German historian; born at Berlin Nov. 5, 1816; died at Paris Sept. 11, 1860; cousin of Theodor Hirsch. From 1833 to 1836 he studied history at the universities of Berlin and Königsberg. In 1834 he published a prize essay, "Das Leben und die Thaten König Heinrichs I."; and in 1837, conjointly with Waitz, "Die Echtheit der Chronik von Korvei." His first important work was "De Vita et Scriptis Sigiberti," Berlin, 1841. In 1842 he became privat-docent at the University of Berlin, two years later receiving the appointment of assistant professor. Like Stahl, another converted Jew, Hirsch took an active interest in the purification of the Church, and in this connection became a frequent contributor to the "Kreuzzeitung." His principal work, the "Geschichte Heinrich II.," was unfinished at his death. It was published by Usinger, Pabst, and Bresslau in the "Jahrbücher des Deutschen Reiches" (Berlin and Leipsic, 1862-75, 3 vols.).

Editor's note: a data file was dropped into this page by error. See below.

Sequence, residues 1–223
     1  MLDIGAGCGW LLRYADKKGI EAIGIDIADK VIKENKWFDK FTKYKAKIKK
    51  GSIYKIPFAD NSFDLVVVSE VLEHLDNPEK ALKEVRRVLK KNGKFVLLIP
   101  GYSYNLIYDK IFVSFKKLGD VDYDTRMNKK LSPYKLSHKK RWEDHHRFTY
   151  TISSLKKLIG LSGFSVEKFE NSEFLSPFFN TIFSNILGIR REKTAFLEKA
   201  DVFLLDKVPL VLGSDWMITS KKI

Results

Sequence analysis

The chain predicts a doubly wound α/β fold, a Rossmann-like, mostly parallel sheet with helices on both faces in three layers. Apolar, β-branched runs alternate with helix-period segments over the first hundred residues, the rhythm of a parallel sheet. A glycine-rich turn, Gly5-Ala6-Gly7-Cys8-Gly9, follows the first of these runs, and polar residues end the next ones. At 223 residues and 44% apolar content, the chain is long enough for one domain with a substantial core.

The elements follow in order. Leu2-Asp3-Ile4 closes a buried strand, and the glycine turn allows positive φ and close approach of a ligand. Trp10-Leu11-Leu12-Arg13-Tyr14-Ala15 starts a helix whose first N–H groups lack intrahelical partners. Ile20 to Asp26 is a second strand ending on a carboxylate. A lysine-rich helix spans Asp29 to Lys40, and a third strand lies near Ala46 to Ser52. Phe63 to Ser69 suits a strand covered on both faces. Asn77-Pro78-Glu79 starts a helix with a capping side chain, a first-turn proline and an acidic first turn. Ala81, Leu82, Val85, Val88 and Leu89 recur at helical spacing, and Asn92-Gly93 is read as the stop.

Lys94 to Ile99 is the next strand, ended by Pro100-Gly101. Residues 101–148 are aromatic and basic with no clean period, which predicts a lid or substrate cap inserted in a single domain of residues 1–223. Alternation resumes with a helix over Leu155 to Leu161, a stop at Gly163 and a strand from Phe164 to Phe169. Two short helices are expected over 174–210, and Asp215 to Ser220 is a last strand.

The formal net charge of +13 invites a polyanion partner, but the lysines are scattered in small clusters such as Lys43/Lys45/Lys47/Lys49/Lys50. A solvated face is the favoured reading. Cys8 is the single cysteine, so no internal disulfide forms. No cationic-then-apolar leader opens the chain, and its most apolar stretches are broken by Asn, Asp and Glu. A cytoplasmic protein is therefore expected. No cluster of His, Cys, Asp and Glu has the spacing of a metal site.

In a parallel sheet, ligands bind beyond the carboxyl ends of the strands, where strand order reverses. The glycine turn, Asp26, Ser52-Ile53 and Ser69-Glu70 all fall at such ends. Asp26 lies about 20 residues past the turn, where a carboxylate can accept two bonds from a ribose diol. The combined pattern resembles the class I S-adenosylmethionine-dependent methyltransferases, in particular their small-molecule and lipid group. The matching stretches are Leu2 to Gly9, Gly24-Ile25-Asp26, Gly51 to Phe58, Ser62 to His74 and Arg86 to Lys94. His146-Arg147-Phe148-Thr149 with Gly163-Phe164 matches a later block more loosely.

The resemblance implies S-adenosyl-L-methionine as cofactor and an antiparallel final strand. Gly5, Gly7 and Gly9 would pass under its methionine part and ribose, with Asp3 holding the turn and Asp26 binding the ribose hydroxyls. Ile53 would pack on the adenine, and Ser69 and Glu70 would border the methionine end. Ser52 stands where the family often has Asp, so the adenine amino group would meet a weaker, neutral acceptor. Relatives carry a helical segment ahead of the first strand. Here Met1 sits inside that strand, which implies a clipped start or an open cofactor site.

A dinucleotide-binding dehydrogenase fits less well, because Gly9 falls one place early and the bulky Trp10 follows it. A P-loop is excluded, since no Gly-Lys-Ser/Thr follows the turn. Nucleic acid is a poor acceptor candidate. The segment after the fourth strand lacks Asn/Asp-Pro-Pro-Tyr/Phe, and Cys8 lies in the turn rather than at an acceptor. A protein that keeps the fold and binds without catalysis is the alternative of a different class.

- Meyers Konversations-Lexikon, 1897;
- Allgemeine Deutsche Biographie;
- De le Roi, Juden-Mission, Index.